by Julian Spivey
I’m not a fortune teller. I can’t see the future. So when the Golden State Warriors went up 3-1 on the Cleveland Cavaliers after game four of the NBA Finals I didn’t believe the Cavaliers would come back. I didn’t trust that the Warriors had the 94 percent chance of winning the series that the BPI claimed, but I thought they’d win the series. And, my pre-series prediction was Cavaliers in six games. Not because I think the Cavaliers are a better team than the Warriors – they aren’t – I just don’t trust destiny and am a definite pessimist, especially when it comes to sports and when a team goes 73-9 in the regular season I believe anything will occur to keep them from winning it all. Even that pessimism didn’t stop me from believing the Warriors were on the verge of back-to-back titles.
And then Draymond Green was suspended before game five and I knew that was the boost the Cavaliers needed. This is the point where I say I don’t believe Green should’ve been suspended. I’m not saying the NBA is rigged, but Green’s actions in game four should’ve resulted in a technical foul at most and not a flagrant foul. I’ve never seen such a weak flagrant foul in all my years watching the NBA and here it was in a situation where the league knew one more flagrant would result in a suspension.
So many people underestimate Green’s importance to the Warriors, but I figured it would be the difference maker. It really wasn’t. The way LeBron James and Kyrie Irving played in game five, both scoring 40-plus, it wouldn’t have mattered if Green was in the game or not.
I made the claim after Green’s suspension that the Cavs would become the first team in NBA history to come back to win a title down 3-1. I thought the loss of Green would be too much for the Warriors to overcome, the Cavs would win game six at home and then destiny would step up in game seven – knocking off the greatest season in professional sports history (yes, not just the NBA) and giving Cleveland its first professional title in more than a half century.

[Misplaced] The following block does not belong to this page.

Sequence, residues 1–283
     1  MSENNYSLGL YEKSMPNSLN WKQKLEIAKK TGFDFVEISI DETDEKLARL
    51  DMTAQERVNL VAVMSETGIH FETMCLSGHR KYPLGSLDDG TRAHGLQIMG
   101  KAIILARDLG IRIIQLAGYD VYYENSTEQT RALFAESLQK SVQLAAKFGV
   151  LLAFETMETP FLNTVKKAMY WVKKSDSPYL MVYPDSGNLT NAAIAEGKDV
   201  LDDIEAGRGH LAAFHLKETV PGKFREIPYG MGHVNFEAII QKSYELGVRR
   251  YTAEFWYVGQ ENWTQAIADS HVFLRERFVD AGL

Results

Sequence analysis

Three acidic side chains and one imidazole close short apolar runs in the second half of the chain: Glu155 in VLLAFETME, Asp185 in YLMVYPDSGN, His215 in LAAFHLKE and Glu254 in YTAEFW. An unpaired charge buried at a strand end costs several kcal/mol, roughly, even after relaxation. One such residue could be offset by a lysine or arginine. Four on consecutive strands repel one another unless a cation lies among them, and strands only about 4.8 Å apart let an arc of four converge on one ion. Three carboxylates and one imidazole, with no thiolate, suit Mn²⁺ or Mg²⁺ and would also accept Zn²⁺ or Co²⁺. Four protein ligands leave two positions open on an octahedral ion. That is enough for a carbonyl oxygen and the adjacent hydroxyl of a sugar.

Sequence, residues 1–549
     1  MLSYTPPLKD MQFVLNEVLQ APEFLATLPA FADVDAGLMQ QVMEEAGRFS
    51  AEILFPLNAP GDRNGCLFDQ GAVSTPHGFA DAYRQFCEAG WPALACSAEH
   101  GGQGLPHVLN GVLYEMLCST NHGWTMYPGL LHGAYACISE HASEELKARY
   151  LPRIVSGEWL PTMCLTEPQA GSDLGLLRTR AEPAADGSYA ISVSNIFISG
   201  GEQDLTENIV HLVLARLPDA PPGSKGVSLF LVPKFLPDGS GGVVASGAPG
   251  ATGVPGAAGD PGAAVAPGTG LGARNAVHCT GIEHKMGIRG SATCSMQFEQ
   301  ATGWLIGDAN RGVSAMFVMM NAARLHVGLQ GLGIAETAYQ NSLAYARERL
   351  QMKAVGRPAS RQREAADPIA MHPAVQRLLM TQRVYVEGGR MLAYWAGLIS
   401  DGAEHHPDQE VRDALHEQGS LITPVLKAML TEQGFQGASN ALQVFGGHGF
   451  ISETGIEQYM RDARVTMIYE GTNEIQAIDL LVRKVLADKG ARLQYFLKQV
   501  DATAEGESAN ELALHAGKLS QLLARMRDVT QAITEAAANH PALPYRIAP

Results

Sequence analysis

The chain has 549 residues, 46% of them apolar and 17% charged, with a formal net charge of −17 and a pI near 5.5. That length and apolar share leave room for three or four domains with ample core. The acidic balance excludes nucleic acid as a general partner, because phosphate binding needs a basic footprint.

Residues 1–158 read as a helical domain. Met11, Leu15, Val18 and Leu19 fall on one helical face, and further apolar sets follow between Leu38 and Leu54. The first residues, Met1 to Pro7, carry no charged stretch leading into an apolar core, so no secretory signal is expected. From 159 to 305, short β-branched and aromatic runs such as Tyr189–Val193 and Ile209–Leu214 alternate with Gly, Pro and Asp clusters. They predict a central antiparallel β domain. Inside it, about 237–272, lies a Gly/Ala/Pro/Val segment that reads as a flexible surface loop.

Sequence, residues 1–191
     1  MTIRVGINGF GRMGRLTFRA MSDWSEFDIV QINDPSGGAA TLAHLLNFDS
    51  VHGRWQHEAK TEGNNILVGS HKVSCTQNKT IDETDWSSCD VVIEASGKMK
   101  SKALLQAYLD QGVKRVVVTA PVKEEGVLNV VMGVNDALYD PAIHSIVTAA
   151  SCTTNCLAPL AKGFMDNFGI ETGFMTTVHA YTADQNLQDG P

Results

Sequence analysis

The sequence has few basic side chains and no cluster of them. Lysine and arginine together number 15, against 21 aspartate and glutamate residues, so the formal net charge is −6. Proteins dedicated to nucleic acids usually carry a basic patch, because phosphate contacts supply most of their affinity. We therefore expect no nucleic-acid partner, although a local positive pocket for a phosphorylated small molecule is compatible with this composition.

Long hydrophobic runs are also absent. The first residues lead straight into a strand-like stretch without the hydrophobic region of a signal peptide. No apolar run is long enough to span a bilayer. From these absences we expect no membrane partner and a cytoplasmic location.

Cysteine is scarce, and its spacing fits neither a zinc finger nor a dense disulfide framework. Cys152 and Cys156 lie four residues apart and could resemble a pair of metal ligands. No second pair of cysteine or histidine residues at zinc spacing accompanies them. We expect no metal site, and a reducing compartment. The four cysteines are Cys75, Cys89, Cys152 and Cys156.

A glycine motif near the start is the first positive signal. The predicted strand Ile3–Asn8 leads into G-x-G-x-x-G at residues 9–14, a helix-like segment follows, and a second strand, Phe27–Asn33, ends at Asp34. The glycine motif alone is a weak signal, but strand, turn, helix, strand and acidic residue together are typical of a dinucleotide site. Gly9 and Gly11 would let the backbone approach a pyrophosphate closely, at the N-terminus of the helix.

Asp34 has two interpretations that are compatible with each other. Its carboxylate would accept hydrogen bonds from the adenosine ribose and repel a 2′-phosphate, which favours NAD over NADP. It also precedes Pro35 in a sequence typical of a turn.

But, during the second half of game five in Golden State when James and Irving took complete control and dominated the Warriors on their own I realized another reason why the Cavs were going to make a little history on their own and win a championship after being down 3-1. LeBron James was publically challenged by the Warriors and had his manhood questioned by Green who called him a “bitch” on the court during their scuffle in game four and by a trash-talking Klay Thompson and trash-Tweeting Marreese Speights between games four and five with both calling him whiny and insinuating he was a baby.
LeBron wasn’t going to stand for that and I’m sure he made up his mind at that point that he was going to win his third championship and his first for his home-state team or basically die trying. You don’t call the best athlete in the world a “bitch” and live to tell about it. The Warriors had done stepped in it.
Don’t get me wrong, James has been the best player on the floor in this series from game one – even when the Cavs looked absolutely horrible early on during the series. He leads all players on both teams in every major offensive stat category (points, rebounds, assists, blocks and steals). Not exactly “bitch” numbers if you ask me. But, something obviously lit his wick between games four and five, hence the back-to-back 40-plus point games in games five and six to force a do-or-die game seven back in Golden State on Sunday night. James also has his team playing better and well, he has no time at all for his teammates who aren’t taking his lead (hence the refusal to high five Kevin Love in game five). James has these Cavaliers on his back both offensively and defensively with the Cavs smothering the Warriors potent and high-scoring offense with the Warriors helping out a lot by mostly missing every wide open three they’ve been allowed (I’m looking at you Harrison Barnes).
James is playing the greatest NBA Finals series I’ve ever seen from any player and I’ve seen Michael Jordan, Shaquille O’Neal, Kobe Bryant and Tim Duncan win multiple titles. Prior to game five he was having a good Finals. Something changed. Maybe it’s just that he couldn’t stomach falling to 2-5 in his career in Finals series, but the way he’s playing shows me he has a little extra to prove. Like he was publicly offended and decided to single-handedly challenge the entire Warriors team (the greatest in league history) to a duel – one he’s currently winning as if he were Aaron Burr with a machine gun.